9. Epstein‐Barr Virus Strain Variation and Cancer — Cancer Science
  10. The Global Landscape of EBV-Associated Tumors — Frontiers in Oncology
  11. What Is Hodgkin Lymphoma? — American Cancer Society
  12. What Is Non-Hodgkin Lymphoma? — American Cancer Society
  13. Risk Factors for Epstein Barr Virus-Associated Cancers: A Systematic Review, Critical Appraisal, and Mapping of the Epidemiological Evidence — Journal of Global Health
  14. Interplay Between Epstein-Barr Virus Infection and Environmental Xenobiotic Exposure in Cancer — Infectious Agents and Cancer
  15. Cancer Risk and Multiple Sclerosis: Evidence From a Large Italian Cohort — Frontiers in Neurology
  16. Cancer Incidence and Mortality Rates in Multiple Sclerosis: A Matched Cohort Study — Neurology
  17. Risk of Cancer Among Multiple Sclerosis Patients, Siblings, and Population Controls: A Prospective Cohort Study — Multiple Sclerosis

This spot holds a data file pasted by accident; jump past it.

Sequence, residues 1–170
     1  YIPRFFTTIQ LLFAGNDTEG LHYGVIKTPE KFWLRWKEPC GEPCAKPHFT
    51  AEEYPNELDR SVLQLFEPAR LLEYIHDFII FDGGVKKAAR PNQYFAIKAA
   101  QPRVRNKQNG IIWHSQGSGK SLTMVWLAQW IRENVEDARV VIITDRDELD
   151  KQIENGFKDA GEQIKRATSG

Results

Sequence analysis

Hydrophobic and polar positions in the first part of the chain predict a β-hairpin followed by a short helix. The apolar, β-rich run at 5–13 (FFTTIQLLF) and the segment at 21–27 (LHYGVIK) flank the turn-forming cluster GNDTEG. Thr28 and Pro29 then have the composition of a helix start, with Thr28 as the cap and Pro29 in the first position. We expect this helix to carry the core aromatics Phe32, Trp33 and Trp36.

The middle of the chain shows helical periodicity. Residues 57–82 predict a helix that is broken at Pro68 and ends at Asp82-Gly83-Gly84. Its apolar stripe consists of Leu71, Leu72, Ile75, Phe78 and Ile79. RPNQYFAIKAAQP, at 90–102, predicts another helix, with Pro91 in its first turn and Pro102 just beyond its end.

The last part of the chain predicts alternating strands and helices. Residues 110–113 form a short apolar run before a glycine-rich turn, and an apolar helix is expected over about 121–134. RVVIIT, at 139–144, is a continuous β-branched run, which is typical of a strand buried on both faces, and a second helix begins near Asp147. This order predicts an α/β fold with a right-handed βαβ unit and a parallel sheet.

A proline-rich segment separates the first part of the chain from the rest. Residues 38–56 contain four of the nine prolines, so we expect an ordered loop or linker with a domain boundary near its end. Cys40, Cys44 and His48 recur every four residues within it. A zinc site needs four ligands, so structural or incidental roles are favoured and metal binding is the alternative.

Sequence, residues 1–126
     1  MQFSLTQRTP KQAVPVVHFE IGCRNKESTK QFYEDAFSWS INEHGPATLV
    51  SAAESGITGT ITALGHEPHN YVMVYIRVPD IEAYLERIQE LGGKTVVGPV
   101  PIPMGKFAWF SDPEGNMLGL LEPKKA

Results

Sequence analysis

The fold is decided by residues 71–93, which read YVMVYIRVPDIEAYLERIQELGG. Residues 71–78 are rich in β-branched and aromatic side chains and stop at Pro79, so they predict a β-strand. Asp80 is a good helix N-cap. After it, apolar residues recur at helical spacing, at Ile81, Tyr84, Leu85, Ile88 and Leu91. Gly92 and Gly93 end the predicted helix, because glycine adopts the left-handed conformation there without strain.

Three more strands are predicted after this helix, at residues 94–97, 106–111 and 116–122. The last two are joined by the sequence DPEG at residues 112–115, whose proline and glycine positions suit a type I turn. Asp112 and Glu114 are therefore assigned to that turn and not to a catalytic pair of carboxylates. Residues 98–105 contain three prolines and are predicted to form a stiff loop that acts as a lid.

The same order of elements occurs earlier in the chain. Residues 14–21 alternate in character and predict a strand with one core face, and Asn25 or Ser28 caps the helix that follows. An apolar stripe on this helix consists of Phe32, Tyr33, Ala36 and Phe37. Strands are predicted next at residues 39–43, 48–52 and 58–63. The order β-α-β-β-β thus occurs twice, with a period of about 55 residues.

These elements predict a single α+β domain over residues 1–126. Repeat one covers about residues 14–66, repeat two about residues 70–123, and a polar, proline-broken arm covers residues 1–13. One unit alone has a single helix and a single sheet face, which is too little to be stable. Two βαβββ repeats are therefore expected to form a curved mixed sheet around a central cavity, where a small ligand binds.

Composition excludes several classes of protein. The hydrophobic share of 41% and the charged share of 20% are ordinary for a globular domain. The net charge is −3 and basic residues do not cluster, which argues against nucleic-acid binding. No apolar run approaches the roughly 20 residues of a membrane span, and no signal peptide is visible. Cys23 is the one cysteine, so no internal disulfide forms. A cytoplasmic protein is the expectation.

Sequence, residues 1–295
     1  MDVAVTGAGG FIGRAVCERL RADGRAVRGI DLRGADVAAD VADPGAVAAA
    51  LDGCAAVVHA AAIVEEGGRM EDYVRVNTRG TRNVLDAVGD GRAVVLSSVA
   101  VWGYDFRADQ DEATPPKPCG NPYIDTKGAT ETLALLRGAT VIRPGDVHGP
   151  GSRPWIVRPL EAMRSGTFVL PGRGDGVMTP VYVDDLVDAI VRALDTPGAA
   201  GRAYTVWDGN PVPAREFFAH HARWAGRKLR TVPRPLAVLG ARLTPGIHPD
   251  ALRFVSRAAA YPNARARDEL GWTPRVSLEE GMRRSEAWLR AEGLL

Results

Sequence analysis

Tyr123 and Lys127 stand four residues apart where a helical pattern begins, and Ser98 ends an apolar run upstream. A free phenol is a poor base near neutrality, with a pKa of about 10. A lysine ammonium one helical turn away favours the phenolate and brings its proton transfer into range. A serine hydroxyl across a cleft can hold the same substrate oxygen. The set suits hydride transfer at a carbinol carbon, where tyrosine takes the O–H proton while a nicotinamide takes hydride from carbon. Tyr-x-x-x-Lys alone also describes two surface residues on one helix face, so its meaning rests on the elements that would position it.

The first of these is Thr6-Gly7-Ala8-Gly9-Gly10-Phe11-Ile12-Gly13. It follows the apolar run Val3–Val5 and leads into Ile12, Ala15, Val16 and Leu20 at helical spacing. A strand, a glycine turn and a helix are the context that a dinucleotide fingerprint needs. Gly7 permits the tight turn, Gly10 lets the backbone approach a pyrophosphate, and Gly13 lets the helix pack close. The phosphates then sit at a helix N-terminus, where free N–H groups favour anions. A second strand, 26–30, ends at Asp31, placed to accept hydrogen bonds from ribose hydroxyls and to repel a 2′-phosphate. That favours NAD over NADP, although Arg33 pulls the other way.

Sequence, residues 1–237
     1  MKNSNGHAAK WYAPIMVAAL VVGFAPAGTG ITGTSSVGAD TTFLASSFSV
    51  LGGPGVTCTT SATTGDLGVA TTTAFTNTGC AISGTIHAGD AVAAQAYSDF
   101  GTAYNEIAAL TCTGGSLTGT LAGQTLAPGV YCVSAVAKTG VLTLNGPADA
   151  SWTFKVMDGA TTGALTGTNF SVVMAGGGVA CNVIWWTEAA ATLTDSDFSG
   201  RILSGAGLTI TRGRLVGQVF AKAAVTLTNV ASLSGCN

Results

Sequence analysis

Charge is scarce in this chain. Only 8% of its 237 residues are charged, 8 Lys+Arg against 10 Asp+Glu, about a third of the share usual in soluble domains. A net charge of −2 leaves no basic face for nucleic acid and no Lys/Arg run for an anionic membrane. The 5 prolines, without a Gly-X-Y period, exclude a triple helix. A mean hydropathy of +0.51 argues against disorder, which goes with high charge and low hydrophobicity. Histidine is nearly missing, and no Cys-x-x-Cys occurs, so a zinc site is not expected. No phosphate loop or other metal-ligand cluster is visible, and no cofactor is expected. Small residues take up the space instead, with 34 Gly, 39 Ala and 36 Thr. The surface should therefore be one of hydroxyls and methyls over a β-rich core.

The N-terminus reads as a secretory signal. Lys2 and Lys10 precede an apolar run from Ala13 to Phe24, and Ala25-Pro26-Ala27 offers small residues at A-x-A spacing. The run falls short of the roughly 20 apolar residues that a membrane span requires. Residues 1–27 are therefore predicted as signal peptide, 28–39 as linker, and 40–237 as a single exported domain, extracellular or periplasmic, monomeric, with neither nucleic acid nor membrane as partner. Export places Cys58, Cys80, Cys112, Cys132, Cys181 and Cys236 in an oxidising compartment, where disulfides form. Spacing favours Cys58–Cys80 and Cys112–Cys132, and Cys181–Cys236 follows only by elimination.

18. Incidence of Cancer in Multiple Sclerosis Before and After the Treatment Era — A Registry-Based Cohort Study — Multiple Sclerosis and Related Disorders
  19. Contribution of Viral Infection to Risk for Cancer in Systemic Lupus Erythematosus and Multiple Sclerosis — PLOS One
  20. Multiple Sclerosis and Cancer: The Ying-Yang Effect of Disease Modifying Therapies — Frontiers in Immunology
  21. Cancer Prevention: 7 Tips To Reduce Your Risk — Mayo Clinic
Posted on March 9, 2022
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Evelyn O. Berman, M.D. is a neurology and pediatric specialist and treats disorders of the brain in children. Review provided by VeriMed Healthcare Network. Learn more about her here.
Kristopher Bunting, M.D. studied chemistry and life sciences at the U.S. Military Academy, West Point, and received his doctor of medicine degree from Tulane University. Learn more about him here.